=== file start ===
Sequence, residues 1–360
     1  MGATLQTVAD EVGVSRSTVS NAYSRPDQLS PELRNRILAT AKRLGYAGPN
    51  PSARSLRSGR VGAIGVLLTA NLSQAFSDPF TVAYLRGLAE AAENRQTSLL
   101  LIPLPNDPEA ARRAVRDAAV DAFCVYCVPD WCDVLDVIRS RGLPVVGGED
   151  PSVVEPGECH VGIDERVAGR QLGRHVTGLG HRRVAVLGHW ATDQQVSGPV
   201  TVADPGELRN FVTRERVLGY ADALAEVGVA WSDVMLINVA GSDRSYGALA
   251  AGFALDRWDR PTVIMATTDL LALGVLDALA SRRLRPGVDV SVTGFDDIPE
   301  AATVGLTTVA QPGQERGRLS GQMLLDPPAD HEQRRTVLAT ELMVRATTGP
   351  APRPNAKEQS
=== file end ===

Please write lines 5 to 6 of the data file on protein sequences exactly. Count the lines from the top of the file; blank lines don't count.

   151  PSVVEPGECH VGIDERVAGR QLGRHVTGLG HRRVAVLGHW ATDQQVSGPV
   201  TVADPGELRN FVTRERVLGY ADALAEVGVA WSDVMLINVA GSDRSYGALA